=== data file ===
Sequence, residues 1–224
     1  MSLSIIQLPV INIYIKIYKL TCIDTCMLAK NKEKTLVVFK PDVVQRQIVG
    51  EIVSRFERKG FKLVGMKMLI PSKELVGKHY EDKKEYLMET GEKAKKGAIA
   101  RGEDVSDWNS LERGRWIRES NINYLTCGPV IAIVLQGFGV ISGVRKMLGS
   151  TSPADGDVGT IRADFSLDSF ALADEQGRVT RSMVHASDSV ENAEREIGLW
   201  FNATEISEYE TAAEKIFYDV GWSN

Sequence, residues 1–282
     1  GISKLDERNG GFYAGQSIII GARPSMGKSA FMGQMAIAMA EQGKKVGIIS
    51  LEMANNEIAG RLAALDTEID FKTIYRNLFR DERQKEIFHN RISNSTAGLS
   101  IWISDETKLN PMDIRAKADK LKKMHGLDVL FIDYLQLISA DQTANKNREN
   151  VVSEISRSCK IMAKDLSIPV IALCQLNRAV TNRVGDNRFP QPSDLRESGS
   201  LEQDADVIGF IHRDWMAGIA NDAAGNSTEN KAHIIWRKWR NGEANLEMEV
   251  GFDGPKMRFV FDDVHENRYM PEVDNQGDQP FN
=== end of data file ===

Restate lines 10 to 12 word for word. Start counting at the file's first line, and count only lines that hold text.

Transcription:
   101  IWISDETKLN PMDIRAKADK LKKMHGLDVL FIDYLQLISA DQTANKNREN
   151  VVSEISRSCK IMAKDLSIPV IALCQLNRAV TNRVGDNRFP QPSDLRESGS
   201  LEQDADVIGF IHRDWMAGIA NDAAGNSTEN KAHIIWRKWR NGEANLEMEV